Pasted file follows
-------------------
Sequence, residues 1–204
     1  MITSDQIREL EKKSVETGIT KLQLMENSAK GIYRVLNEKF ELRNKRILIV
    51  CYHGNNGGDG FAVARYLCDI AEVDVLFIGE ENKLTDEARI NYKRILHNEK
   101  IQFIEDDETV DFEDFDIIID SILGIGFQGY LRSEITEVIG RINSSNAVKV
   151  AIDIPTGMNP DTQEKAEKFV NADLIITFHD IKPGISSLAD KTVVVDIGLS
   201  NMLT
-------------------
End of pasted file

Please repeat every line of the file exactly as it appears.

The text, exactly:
Sequence, residues 1–204
     1  MITSDQIREL EKKSVETGIT KLQLMENSAK GIYRVLNEKF ELRNKRILIV
    51  CYHGNNGGDG FAVARYLCDI AEVDVLFIGE ENKLTDEARI NYKRILHNEK
   101  IQFIEDDETV DFEDFDIIID SILGIGFQGY LRSEITEVIG RINSSNAVKV
   151  AIDIPTGMNP DTQEKAEKFV NADLIITFHD IKPGISSLAD KTVVVDIGLS
   201  NMLT